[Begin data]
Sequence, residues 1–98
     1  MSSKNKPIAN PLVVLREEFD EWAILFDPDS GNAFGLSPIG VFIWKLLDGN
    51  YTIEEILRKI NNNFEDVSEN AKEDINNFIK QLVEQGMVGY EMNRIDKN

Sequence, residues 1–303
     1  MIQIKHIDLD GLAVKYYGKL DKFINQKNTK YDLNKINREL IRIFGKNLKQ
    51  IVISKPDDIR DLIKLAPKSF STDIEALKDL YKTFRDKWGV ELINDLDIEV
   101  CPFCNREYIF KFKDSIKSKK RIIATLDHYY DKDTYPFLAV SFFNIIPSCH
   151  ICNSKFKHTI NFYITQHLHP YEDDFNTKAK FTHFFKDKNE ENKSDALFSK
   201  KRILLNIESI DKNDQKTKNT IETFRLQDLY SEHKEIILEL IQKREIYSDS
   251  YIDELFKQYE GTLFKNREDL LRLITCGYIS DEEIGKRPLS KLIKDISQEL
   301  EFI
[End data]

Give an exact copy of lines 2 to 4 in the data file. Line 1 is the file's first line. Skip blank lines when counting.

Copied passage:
     1  MSSKNKPIAN PLVVLREEFD EWAILFDPDS GNAFGLSPIG VFIWKLLDGN
    51  YTIEEILRKI NNNFEDVSEN AKEDINNFIK QLVEQGMVGY EMNRIDKN

Sequence, residues 1–303